Loaning In’s and Out’s

 

Loaning is something the horse world sometimes overlooks, many of us jumping straight in and buying, others fear loaning their horse to the wrong person. Like with anything there are negative experiences and it may not be for everyone but loaning a horse is certainly something you should consider when looking to find your perfect friend or when having to make the decision to say goodbye. Whether you’re an owner or loaner read on to find out all the ins and outs.

 

Loaning offers a variety of options suited to the individual loaner/owner and horse, some may include a monthly fee, some may be livery, feet and other costs associated with having a horse of your own and others may even involve no cost. Some loans may involve certain time frames where as others may be for life.

  

Common types include:

 

Full loan: This includes full loan of the horse, commonly this will include the horse to be moved to your own chosen yard (normally chosen in agreement with the owner) or will stay on the owner’s current yard. The horse will be in full care of the loaner 24/7, 7 days a week just like owning your own horse so you need to be committed, it’s a big responsibility. This may be an alternative to owning your own horse if you do not have the money to purchase a horse up front or loaning may be a better short-term option prior to for example moving away to university or to travel for a year.

To loan your horse out on full loan this is a good way to ensure your horse is not passed on, you can visit and know there whereabouts and still have control over things with the ability to intervene if needed. Perfect for the outgrown family pony which you can’t bare to part with but don’t want to retire yet.

 

Part loan: This will involve loaning the horse a few days a week, normally the horse will stay at its current yard and be looked after partly by yourself and partly by the owner. It’s an excellent way to get used to owning a horse without full time commitment or to fit around work, study and other commitments. Part loan may range from one day to seven, dependent on the contract the owner sets and what your duties are. For example, you may be required to have sole responsibility of the horse 3 days a week while the owner looks after the horse for the other 4 days.  Part loan is a good way for the owner to share responsibility without having to sell their horse.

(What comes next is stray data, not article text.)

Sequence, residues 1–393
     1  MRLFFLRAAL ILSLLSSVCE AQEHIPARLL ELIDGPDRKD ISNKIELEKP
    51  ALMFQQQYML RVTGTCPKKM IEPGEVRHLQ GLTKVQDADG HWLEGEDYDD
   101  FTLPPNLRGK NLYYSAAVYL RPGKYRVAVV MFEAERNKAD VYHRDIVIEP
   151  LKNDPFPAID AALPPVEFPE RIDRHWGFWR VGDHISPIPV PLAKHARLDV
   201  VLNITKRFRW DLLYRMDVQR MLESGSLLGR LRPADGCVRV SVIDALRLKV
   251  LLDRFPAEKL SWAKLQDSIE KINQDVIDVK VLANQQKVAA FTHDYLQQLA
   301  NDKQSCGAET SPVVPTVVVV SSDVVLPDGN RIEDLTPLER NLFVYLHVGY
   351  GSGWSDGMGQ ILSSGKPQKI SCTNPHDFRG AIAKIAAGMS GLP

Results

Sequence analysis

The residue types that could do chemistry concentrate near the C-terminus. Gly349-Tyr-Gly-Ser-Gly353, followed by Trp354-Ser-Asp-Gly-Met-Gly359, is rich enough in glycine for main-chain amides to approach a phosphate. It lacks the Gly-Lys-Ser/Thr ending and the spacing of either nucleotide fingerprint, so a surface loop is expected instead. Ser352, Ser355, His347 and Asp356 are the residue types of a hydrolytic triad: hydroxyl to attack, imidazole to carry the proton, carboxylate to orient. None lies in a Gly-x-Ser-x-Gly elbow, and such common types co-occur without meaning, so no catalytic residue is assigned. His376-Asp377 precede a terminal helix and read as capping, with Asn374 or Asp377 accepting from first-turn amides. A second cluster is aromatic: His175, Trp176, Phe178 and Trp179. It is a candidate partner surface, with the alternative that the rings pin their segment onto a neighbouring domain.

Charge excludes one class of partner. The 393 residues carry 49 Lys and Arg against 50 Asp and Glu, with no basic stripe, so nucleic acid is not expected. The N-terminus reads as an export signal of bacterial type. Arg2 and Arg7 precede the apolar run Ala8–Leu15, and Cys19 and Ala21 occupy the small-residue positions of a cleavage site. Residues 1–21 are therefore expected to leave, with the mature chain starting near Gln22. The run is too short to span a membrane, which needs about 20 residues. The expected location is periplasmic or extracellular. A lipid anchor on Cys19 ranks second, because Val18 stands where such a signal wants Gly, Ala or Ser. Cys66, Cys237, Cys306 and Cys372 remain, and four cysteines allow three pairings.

Loan with view to buy: This is where a horse is loaned out to a potential buyer to ensure the horse and new owner are happy before actual sale of the horse. This could be on the horse’s current yard or potential new yard.

  

Any issues with loaning?

 

Issues with loaning involve having no ownership of the horse, which potentially means having the fear of the horse taken off you. A horror story understandably feared, many contracts/loan agreements have a 30 day notice unless for example the horses welfare is compromised. This is a horse lovers worst nightmare but it is a risk you have to take if buying your own is not feasible. Planning a potential time frame of the loan may help beforehand as for example an owner loaning out a horse due to an injury is probably going to be a shorter loan than an owner loaning the horse out due to time commitments with a new horse for example.

 

This does work both ways, as an owner there is the potential for the horse to come back to you too. Before loaning make sure if this does happen the agreed time in the contract to give notice is long enough for you prepare for the sole responsibility again.

 

Not having full ownership also means what you think is best may differ from the horses’ owners, you have a lot less flexibility loaning than owning. Make sure before any changes you agree it with the horse’s owner, some owners will be more flexible others may want notifying of any changes. Remember they are trusting you with their pride and joy, you may feel like they are being strict and too involved but they only want what’s best for their horse.

 

As an owner it can be hard to see someone else with your horse and it can be easy to stick your nose in and interfere, sometimes without realising. Make sure you don’t overwhelm the new loaner, they will have your horses best intentions at heart. Keep in contact and don’t be a stranger to your loaner but don’t check up too much , you may put them off!

  

The good bits

Loaning allows you to have the perks of owning a horse when financially or due to time commitments you may otherwise not be able to have one. Depending which type you choose you may offer different benefits individual to you such as gaining experience, allowing for a new ride or providing the ‘stepping stone’ horse in between pony to horse. You also always have someone who knows the horse best whenever you are unsure or need advice.

 

As a owner loaning your horse out allows you to keep them in the family without the financial costs and time commitments. If you can no longer provide what your horse needs then allowing someone else to love them must be a good feeling especially in long term loans.

  

Whether you are loaner or an owner make sure you have a signed contract and know fully what your responsibilities are, make sure you try the horse out as loaner and as owner make sure you are happy with the new loaner and the place the horse will be staying. Doing so will help make a positive loan and happy horse. Let me know your experiences!

 

Speak soon,

Meg